SEN. GRAHAM: Well, what you do is you have a supply-demand problem. The more domestic supply, the better we are off as a nation. But to get away from fossil fuels in general is a goal of Senator McCain. One thing you do on the power side is add nuclear power. We cannot address climate change without replacing oil and coal-fired plants with nuclear power. But when it comes to domestic supply, we're talking about 50 miles off the coast of South Carolina with the consent of the legislature where the state gets half the revenue. I think in an environmentally sound way we can extract deep sea exploration oil and gas off our coast that will allow us to be more energy independent. John is for that. I am for that. And I believe the state of South Carolina will be for that.

SEN. BIDEN: We already can do that. Let's get the facts. You're entitled to your own opinion, not your own facts. Forty million acres leased offshore, number one. Number two, the first well to be dug from the time they lease, if Lindsey gives them access to more area, it'll take 10 years from the time the lease is let to the time oil comes out of the bottom of the sea in the new leases.

Oil Prices Not Problem until Bush Invaded Iraq

The facts speak for themselves. Crude Oil prices (adjusted for inflation) started to jump in 2003 and have gone up dramatically ever since. If you believe 9-11 had something to do with it, think again. Oil prices declined in both 2001 and 2002. The nonsense that somehow world demand for oil is to blame is not born out by the facts. The price in 1998 was the lowest since the end of World War II. This could be explained by the lack of conflict in the Middle East. In previous periods of oil shocks (1974 and 1979) it involved political turmoil or a major war in the region.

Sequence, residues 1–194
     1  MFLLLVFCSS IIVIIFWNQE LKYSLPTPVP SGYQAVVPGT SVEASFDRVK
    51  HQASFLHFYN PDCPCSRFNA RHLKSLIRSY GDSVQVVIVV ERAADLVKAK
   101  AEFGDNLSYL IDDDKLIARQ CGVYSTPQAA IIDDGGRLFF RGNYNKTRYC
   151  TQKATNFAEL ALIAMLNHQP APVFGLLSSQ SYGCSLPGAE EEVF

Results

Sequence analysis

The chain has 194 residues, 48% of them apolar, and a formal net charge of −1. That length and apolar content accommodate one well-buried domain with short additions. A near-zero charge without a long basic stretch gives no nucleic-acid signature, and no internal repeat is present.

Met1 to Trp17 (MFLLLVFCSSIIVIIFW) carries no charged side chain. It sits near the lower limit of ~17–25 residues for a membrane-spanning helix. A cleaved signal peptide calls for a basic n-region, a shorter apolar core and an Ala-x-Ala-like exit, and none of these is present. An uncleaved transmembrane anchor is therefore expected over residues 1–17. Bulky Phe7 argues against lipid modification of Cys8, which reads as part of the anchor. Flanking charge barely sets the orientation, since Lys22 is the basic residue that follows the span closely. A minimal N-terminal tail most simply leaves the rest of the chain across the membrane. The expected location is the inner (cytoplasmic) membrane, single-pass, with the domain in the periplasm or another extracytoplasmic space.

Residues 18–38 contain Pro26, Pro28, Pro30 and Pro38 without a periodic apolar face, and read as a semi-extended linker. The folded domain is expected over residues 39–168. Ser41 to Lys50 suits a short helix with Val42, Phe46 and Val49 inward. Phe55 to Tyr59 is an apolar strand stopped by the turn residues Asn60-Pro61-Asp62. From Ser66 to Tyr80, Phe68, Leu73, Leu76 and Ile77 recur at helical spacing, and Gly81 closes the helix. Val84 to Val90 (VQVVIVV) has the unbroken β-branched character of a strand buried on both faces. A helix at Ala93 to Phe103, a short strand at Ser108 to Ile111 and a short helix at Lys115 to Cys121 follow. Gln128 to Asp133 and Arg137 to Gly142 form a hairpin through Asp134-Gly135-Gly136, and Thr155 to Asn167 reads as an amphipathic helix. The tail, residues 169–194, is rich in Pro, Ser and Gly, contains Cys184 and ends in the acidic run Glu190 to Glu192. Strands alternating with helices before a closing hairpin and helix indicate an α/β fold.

U.S. Politicians Acquiesce to an Israeli Attack on Iran

Silence is acquiescence. It is why Israel will go after Iran. If you say nothing to discourage aggression from the Jewish state they will feel no need to hold back. But towing the line by the U.S. vis-a-vis Israel is more important than subsequent skyrocketing oil prices or World War III:

U.S. presidential candidate Barack Obama said that Israel is justified in providing for its security amid the "extraordinary threat" posed to it by Iran.

He spoke after The New York Times quoted unnamed U.S. officials as saying that Israel had carried out a large military exercise this month that appeared to be a rehearsal for a potential bombing attack on Iran's nuclear facilities.

U.S. politicians are remaining silent on any potential attack but not the UN:
A military strike on Iran would turn the Middle East "into a ball of fire," said Mohamed ElBaradei, the head of the United Nations' nuclear watchdog agency.

[...] "In my opinion, any military strike -- as I mentioned -- is the worst thing that can happen now," said ElBaradei, head of the International Atomic Energy Agency.

"It will make the Middle East turn into a ball of fire. It is a lot worse than having sanctions. A military strike will lead Iran, even if it plans today to manufacture a nuclear weapon, to establish a crash course to speed the process to have the weapon with the blessing of all Iranians, even those living in the West."

And it isn't just U.S. politicians that genuflect before Israel. Even the French now pander. Sarkozy is unpopular just like Bush. He could provoke a backlash within France from a relatively large Muslim population that has been politically vocal:
French President Nicolas Sarkozy flies to Israel on Sunday for a three-day visit aimed at reinforcing his image as an ally of the Jewish state and reversing a trend of difficult trips there by French leaders.

There is a potential problem for an Israeli military action. They lack the military resources to destroy Iran's nuclear program. This is why they hoped the U.S. would do it. Bush would like to but it would mean his impeachment. Is crazy enough:
Israel has spent years training for a possible bombing run against Iranian nuclear sites, but its air force may be too small to finish the job alone, officials and independent experts said yesterday.

Officials, who declined to be identified given the censorship around Israel's strategic capabilities, said the air force would be unlikely to deliver more than a one-time blow to the Iranian nuclear program, which international experts believe may require as many as 1,000 strikes to be destroyed.